From the indictment (PDF):

Cracking the password would have allowed Manning to log onto the computers under a username that did not belong to her. Such a measure would have made it more difficult for investigators to identify Manning as the source of disclosures of classified information.

Prior to the formation of the password-cracking agreement, Manning had already provided WikiLeaks with hundreds of thousands of classified records that she downloaded from departments and agencies of the United States, including the Afghanistan war-related significant activity reports and Iraq war-related significant activities reports.

The primary purpose of the conspiracy was to facilitate Manning’s acquisition and transmission of classified information related to the national defense of the United States so that WikiLeaks could publicly disseminate the information on its website.

On or about March 2, 2010, Manning copied a Linux operating system to a CD, to allow Manning to access a United States Department of Defense computer file that was accessible only to users with administrative-level privileges.

On or about March 8, 2010, Manning provided Assange with part of a password stored on United States Department of Defense computers connected to the Secret Internet Protocol Network.

Tonopah NV. A small town that is coming back

Tonopah. Belvada Hotel.
Belvada Hotel is being completely redone.

Tonopah, is about halfway between Reno and Las Vegas on SR-95, pretty much in the middle of nowhere. It gets baking hot in the summer. Population is about 3,000. Tonopah got clobbered when mines shut down and is rebuilding itself. The Mizpah Hotel has been lovingly restored to its former 1900’s glory. The Belvada across the street is in the process of being converted into a high-end hotel with ground floor retail. Another hotel is opening this year too.

Sure, there are abandoned, boarded-up homes and businesses. However it definitely feels like Tonopah is resurrecting itself. It’s also, like many small towns, genuinely friendly. However, leftied take warning, this is dark red country where lots of folks probably think Trump is just a wee bit too liberal. So, might want to keep quiet about politics if you’re a leftie. Also, there are lots and lots of guns here. That’s part of rural West culture and isn’t ever going to change. Period.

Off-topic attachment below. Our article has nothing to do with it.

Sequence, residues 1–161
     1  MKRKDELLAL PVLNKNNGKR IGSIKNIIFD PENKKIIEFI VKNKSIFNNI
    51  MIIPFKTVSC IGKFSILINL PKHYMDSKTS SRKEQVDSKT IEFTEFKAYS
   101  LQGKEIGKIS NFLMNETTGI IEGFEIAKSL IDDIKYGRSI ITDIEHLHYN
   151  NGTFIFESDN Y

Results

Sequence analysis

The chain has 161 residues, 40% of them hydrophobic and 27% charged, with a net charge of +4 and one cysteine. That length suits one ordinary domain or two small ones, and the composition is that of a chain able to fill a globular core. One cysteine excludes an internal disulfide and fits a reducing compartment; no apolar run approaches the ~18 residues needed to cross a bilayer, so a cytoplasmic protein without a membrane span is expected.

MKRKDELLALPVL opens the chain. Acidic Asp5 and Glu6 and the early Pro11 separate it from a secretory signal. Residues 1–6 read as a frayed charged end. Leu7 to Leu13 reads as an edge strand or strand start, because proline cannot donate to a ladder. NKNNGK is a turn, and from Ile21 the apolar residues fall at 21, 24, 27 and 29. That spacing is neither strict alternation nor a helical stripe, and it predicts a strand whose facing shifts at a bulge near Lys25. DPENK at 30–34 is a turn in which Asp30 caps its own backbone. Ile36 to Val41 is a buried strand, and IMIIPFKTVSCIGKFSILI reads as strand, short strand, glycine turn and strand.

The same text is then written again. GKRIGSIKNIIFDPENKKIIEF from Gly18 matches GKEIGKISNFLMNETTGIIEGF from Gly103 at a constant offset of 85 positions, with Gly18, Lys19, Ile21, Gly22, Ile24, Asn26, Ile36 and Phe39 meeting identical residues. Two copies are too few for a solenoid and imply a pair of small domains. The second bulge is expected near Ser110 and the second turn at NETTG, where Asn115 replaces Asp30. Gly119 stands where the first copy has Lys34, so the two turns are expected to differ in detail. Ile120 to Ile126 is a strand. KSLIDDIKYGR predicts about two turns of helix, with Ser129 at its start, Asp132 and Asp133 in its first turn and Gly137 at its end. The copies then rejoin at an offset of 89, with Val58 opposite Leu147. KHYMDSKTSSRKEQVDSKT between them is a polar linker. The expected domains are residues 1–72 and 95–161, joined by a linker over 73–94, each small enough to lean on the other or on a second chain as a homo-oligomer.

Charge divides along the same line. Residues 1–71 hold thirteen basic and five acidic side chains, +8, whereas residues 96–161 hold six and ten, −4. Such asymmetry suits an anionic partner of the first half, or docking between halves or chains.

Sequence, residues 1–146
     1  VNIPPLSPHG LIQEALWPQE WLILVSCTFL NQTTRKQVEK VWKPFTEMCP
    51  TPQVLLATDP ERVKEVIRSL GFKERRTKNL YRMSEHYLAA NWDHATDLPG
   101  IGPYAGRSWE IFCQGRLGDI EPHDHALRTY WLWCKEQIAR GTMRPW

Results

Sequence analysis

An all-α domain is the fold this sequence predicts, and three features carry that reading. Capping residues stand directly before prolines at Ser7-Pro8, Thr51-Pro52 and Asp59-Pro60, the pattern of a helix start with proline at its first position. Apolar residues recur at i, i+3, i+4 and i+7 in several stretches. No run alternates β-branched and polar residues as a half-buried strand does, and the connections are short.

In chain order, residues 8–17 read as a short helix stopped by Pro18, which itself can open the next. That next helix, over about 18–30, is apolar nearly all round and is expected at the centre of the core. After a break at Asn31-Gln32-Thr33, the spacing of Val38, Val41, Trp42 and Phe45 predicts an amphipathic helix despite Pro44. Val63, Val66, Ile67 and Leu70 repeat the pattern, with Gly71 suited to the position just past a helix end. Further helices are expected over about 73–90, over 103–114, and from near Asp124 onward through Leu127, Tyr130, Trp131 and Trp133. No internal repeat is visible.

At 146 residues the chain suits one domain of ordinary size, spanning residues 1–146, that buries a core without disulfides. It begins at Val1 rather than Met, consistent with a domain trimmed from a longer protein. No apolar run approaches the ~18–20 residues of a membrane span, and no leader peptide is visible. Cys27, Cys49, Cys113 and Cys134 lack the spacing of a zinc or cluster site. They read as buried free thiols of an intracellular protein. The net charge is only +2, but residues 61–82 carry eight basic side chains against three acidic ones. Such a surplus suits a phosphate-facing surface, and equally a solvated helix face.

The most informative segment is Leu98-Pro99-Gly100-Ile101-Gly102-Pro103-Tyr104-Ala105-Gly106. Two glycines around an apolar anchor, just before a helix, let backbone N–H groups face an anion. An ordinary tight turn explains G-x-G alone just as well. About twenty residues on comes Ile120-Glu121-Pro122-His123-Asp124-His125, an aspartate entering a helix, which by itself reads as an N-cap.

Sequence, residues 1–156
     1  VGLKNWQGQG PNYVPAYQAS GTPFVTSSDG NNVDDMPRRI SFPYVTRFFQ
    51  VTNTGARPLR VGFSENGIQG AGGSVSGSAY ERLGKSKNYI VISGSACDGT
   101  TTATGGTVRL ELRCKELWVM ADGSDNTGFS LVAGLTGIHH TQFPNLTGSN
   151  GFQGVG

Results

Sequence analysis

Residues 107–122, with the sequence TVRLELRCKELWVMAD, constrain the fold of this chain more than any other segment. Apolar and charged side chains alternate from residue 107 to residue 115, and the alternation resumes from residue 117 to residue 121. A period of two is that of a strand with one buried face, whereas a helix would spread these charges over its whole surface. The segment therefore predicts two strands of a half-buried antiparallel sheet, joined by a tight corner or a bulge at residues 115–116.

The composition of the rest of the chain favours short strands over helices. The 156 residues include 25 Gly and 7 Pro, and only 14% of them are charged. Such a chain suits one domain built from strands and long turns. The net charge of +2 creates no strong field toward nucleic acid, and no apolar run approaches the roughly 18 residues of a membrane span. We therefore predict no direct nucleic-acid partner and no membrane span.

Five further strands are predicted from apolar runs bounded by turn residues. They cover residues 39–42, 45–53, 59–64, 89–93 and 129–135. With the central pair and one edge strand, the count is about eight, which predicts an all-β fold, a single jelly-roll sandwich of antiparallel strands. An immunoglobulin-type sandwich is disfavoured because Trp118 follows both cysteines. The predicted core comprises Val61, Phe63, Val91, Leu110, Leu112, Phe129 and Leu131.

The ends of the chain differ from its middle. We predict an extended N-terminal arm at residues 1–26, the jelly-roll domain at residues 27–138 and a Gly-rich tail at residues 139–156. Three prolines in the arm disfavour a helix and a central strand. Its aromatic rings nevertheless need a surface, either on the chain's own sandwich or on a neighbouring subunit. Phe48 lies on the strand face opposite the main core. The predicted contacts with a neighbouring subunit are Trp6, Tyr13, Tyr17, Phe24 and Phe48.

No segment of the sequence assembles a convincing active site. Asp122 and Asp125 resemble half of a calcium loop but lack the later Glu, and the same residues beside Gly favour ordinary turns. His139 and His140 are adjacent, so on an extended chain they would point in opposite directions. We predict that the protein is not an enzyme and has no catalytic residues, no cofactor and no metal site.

The Mizpah Hotel was named after the Mizpah Mine, named from the biblical place by, I believe. the wife of one of the founders of the mine. They became very rich, gave back enormously. were completely honest, and hugely respected by the community.

The European-American community began circa 1900 with the discovery of silver-rich ore by prospector Jim Butler. The legendary tale of discovery says that he went looking for a burro that had wandered off during the night and sought shelter near a rock outcropping. When Butler discovered the animal the next morning, he picked up a rock to throw at it in frustration, noticing that the rock was unusually heavy. He had stumbled upon the second-richest silver strike in Nevada history.

Mizpah Hotel. Tonopah
Mizpah Hotel on Main Street.
Tonopah. Mizpah Hotel inside.

Mizpah Hotel inside.
Tonopah Post Office
A real gem of a Post Office.
Tonopah. Abandoned rooms for miners
Where miners lived. Historic Mine in background.

You’re living in your own renewable Idaho

Idaho electricity in-state by source

There’s a misconception that only blue states have renewable energy. Texas has the most installed wind capacity, with no one else even close. Iowa is second. Idaho now generates 80% of its in-state power from renewable energy. About 50% comes from hydropower with wind at 20% and growing fast. And they like it that way. Idaho Senator Grassley, who is no liberal, just said Trump’s claim that wind turbines cause cancer was “idiotic.”

Idaho gets about one-third of its power from out of state and is working at making that renewable too. Because it’s cheaper than coal or natural gas.

Idaho Power last week announced it has entered into a deal to purchase 120 MW of solar energy at a price the utility believes is among the lowest publicly reported to date. The utility signed a 20-year power purchase agreement (PPA) with Jackpot Holdings, with an initial price of $21.75/MWh — or less than $0.022/kWh.

The solar array is expected to be completed by 2022, and the energy will help replace coal-fired capacity at the North Valmy plant in Nevada, where Idaho power has announced it will end operations. Idaho Power has the option to purchase the new solar facility or support its expansion in the future.

Idaho Power announced the deal on March 26, the same day it revealed a plan to supply 100% of its power from non-emitting resources by 2045. New wind, solar and other clean energy resources will all play a role.